Unterdöbling was an
independent municipality until 1892 and
is today a part of Döbling, the 19th
district of Vienna.
It is also one of the 89 Katastralgemeinden
|Coat of arms
The Katastralgemeinde Unterdöbling lies in Döbling, the 19th
district of Vienna, to the north of Oberdöbling
. The border between
Unterdöbling and Oberdöbling is largely determined by the Krottenbach
, a stream which today serves as a
canal. The medieval town centre lay in a dip by the stream, where
nowadays the Rudolfinergasse
(which used to be
called the Herrengasse
recent times, settlement took place on the plateau that rises
slowly to the west and to the north towards the Kahlenberg.
Unterdöbling’s southern border runs
alongside Oberdöbling, in the west it borders on Untersievering
and in the north on Grinzing
as well as on parts of Heiligenstadt
. The eastern border is
marked by a road leading from Oberdöbling via the Hohe
Warte to Heiligenstadt.
The origin of the name Döbling
The Rudolfinergasse in 1910
Döbling is mentioned for the first time in an official document in
as de Teopilic
. This name is of
Slavic origin; toplica
either means “marshy water” and
refers to the settlement’s location by the Krottenbach or derives
from the Old Slavic term for a “warm creek”. Later usage includes
spellings such as Toblich, Töbling and Tepling.
Originally, Unterdöbling was known as Chrottendorf because of its
location by the Krottenbach. The name Unterdöbling was first used
in the 15th century.
Unterdöbling from the Middle Ages to the 16th century
Medieval Unterdöbling was inhabited by farmers who were largely
reliant on their own produce. They produced wine for sale, but also
planted cereals for this purpose and produced fruit, vegetables and
milk products. In the 12th
century, the nobles derer von Topolic owned Döbling,
later it was the property of the Dominican monastery in Tulln.
is mentioned in a document from 1310
village of the ladies of Tulln. As time progressed, separate
villages evolved, divided from one another by the Krottenbach. The
separation of the two settlements was recorded in an official
document for the first time in 1591
Unterdöbling since the 16th century
A village seal dating from 1688
preserved. It depicts Saint
with the inscription Sigil der gemain Under Thöbling
(Seal of the municipality Under Thöbling 1688).
Unterdöbling’s development was impeded by a lack of available land
and remained behind that of Oberdöbling. By the start of the 18th
century, Unterdöbling was nonetheless still around a third larger
than Oberdöbling, but the plague hit Unterdöbling much harder than
its southern neighbour in 1713. More than half of all houses were
infected and 52 people died. Nearby Sievering
was however hit even harder. In 1783,
there were 300 inhabitants in Unterdöbling, and around 1800,
Unterdöbling still had just one street. By 1828, the number of
inhabitants had risen to around 500 and the number of houses to 53,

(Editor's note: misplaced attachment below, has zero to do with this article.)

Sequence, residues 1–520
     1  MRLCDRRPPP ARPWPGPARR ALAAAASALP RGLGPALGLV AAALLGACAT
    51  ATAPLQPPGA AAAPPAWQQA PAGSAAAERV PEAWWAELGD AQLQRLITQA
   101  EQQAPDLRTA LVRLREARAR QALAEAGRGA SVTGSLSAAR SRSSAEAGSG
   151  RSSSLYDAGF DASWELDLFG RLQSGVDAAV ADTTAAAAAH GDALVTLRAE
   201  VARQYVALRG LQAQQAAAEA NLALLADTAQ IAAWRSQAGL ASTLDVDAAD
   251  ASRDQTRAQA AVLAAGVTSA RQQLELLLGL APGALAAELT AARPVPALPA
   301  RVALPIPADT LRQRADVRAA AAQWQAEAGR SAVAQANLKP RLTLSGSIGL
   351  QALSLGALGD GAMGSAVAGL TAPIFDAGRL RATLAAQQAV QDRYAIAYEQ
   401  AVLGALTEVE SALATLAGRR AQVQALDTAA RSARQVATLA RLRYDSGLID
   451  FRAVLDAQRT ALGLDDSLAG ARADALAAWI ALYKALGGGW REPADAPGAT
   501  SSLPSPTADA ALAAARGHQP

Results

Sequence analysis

but the population shrank again in the following years. In 1835,
there were just 400 inhabitants left. Thereafter though, growth
paralleled that in Oberdöbling. In 1853, 941 people were living in
Unterdöbling; in 1890 there were 2,074 people in 170 houses.
1892, Unterdöbling and Oberdöbling, along with the surrounding
suburbs of Grinzing, the Kahlenbergerdorf, Nußdorf, Heiligenstadt, Sievering and Josefsdorf, were turned into the 19th district of
In the post-war years of the 1950s, the Krim
, a part of
Unterdöbling, experienced rapid growth. This once infamous and
poverty-stricken quarter was turned into an upmarket residential
area with its own parish church.
Viticulture still had a prominent place in Unterdöbling's economy
in 1826. Almost half of the available land was covered with
vineyards. Agriculture occupied a further quarter of the land and
pasture made up around one fifth.
insecticide factory in the
Nußwaldgasse developed into Unterdöbling's most important
industrial enterprise. Johann Zacherl had been importing insecticide
made of pyrethrum from Tiflis since 1842,
and in 1870, he began production in Unterdöbling.
Zacherlin product was sold in his own shops all over the world.
’s reconstruction of the
factory in the form of a mosque
Unterdöbling the most unusual factory building in all of Vienna.
Zacherl’s heirs struggled with the growth of the chemical industry
after World War I
; in 1933, they were
also producing ski bindings
. The Zacherl
factory closed in the 1950s.
Zacherl’s Zacherlfabrik, designed in an oriental style and resembling a
mosque, is a unique construction. Another important
building is the Döbling Carmelite Nunnery in the Silbergasse and its Kirche Hl.
The Zacherl factory
Familie (Holy Family
Church). There are
also several former vintner
’s houses in
Unterdöbling. The local cemetery, which held the graves of Johann Strauß the Elder
und Joseph Lanner
, was also in Unterdöbling, but
it was closed in 1927. Although their remains were moved to
Vienna’s Zentralfriedhof, their graves became a feature of the
Strauß-Lanner-Park, which was established on the site of the former
- Christine Klusacek, Kurt Stimmer: Döbling. Vom
Gürtel zu den Weinbergen. Wien 1988
- Karl Kothbauer: Döbling - und
seine Ried- und Flurnamen. Dissertation Wien 2001
- Godehard Schwarz:
Döbling. Zehn historische Spaziergänge durch Wiens
19. Bezirk. Wien 2004